Precise and repeatable magnetic field sensing is critical to the success of many advanced applications.
Now more than ever, permanent magnets and electromagnets play a critical role in today’s advanced applications. From high-performance electric motors to magnetic nano-machines and high-reliability actuators and sensors, precise and repeatable magnetic field sensing is critical to the success of these designs.
Hall-effect sensor systems, such as teslameters, are highly-accurate and can provide a broad measurable field ranging from below 1 μT to well beyond the strength of the world’s highest-power superconducting magnets. As with any precision measurement instrument, accuracy depends on proper use to ensure that it provides a consistently high level of performance.
Properly positioning the probe within the magnetic field will greatly improve the accuracy of magnetic measurements. Factors include:
Hall sensor output varies with the angle of the field vector to the plane of the sensor. The output is maximum when the magnetic field is perpendicular to the device. Figure 1 displays errors encountered when the sensor is not perpendicular to the magnetic field.
Figure 1 Measurement reduction can be caused by angular misalignment.
Probe placement within the magnetic field
Field strengths can vary greatly over a small area, particularly when measuring very close to the source of the magnetic field. It is important to recognize that the sensor is somewhere inside the probe (Figure 2) and that the field at this location will be reported, rather than at the surface of the probe.
Figure 2 The location of the sensor (indicated in red) is not at the tip of the probe.
Different probes will have the sensor positioned in different locations, meaning two different probes placed in the exact same position will actually have sensors that measure different locations. This may only be the difference of a few millimeters; however, the plot in Figure 3 shows that close to a magnet, the field can change significantly over the space of just 1 mm.
Figure 3 The flux density is presented as the percentage of field compared to the tip of the magnet.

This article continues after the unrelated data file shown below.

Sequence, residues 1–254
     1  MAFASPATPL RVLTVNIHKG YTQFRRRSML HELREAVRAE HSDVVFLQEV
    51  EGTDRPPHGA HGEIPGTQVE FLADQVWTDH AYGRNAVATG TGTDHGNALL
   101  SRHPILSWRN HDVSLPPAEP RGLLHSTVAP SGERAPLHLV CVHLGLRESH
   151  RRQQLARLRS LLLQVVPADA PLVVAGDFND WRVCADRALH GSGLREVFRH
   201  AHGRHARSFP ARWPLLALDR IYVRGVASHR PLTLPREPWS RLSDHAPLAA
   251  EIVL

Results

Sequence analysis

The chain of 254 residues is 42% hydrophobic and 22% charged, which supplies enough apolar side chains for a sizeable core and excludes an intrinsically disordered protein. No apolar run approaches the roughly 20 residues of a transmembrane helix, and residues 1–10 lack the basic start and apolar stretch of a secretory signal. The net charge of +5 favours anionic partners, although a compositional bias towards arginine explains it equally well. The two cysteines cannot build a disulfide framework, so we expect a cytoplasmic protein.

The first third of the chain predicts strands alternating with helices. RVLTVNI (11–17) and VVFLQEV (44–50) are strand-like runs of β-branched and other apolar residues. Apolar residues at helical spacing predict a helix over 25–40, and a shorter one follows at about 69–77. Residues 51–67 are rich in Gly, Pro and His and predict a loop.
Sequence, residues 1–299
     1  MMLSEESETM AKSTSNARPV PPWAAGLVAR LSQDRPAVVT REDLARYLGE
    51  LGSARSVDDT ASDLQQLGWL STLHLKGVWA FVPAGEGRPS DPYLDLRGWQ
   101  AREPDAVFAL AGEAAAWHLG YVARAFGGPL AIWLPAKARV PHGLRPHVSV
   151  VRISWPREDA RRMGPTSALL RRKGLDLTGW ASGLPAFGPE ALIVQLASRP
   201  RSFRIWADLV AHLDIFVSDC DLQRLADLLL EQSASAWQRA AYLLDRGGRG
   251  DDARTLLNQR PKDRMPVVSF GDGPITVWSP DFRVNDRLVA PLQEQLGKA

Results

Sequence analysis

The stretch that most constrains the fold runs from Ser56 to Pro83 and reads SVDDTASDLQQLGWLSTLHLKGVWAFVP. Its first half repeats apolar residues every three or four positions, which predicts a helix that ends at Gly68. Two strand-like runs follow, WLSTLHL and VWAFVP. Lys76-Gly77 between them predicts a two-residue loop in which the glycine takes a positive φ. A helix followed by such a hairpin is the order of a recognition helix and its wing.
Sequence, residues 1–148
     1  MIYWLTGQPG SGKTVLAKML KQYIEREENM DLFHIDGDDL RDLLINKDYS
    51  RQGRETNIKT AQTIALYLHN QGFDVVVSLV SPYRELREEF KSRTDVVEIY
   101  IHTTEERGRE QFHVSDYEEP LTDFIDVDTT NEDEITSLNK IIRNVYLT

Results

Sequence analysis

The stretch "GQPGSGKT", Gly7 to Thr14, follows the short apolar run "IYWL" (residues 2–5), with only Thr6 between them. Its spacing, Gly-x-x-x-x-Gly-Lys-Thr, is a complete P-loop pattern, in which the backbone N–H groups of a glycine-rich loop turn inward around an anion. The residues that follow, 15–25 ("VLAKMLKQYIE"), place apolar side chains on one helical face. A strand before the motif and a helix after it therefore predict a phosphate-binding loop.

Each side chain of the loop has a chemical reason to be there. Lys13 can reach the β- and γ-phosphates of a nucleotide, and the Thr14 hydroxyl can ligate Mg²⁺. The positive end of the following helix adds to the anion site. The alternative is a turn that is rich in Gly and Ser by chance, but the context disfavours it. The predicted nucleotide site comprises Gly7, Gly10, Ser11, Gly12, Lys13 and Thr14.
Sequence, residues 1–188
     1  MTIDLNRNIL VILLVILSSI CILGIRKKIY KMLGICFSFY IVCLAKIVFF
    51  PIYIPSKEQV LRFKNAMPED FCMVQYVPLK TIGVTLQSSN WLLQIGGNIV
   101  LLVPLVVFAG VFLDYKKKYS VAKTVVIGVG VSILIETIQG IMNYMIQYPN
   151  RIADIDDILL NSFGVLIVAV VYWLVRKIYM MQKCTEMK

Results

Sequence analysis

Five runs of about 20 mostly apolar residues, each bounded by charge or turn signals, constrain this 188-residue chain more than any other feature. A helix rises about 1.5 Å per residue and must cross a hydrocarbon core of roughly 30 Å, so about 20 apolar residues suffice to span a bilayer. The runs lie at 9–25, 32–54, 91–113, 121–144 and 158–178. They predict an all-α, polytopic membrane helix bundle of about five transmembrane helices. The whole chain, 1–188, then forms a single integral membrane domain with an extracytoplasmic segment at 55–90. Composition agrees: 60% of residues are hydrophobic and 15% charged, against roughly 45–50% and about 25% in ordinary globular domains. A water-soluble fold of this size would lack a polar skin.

A plot of the measured flux density drop-off as a function of distance (mm) from the outer surface of the magnet moving along the red line is shown in the Figure 4.
The 3-axis probes
The 3-axis probes—whose sensors simultaneously measure the field strength across the x-axis, y-axis, and z-axis—allow the flexibility to measure magnetic fields without knowing the precise direction of the magnetic field. While a 3-axis probe may help solve one of the positioning errors discussed when using single-axis probes, it does not eliminate the effect of moving away from or toward a specific active area of measurement. Knowledge of the position of the active area and volume of the probe will be required to ensure engineers know what they are measuring.
Figure 5 This diagram of the internals of a Lake Shore Cryotronics probe show the z-axis in yellow, the y-axis in green, and the x-axis in red.
The 3-axis sensors also introduce the potential issue of having the three different sensors occupying different positions in space. Most applications don’t require sub-millimeter co-location of these individual sensor elements. However, in applications like mapping fields with large field gradients, monolithic 3-axis sensor technology provides the ability to perform 3-axis field measurements over a very small physical area.
Stringent product specifications demand consistent measurements at carefully selected positions within the magnetic field. Probe alignment fixtures can help obtain consistent and repeatable measurements. A wide variety of probe mounting accessories and/or features are available.
Figure 6 A probe with mounting features allows for predictable and repeatable sensor placement.
While probe positioning is the most common error made in magnetic measurement, it’s important to consider other factors affecting your measurement data such as temperature, offset error, and calibration. By employing probe placement best practices, your measurements will be more accurate, precise, and dependable.
This article was originally published on EDN.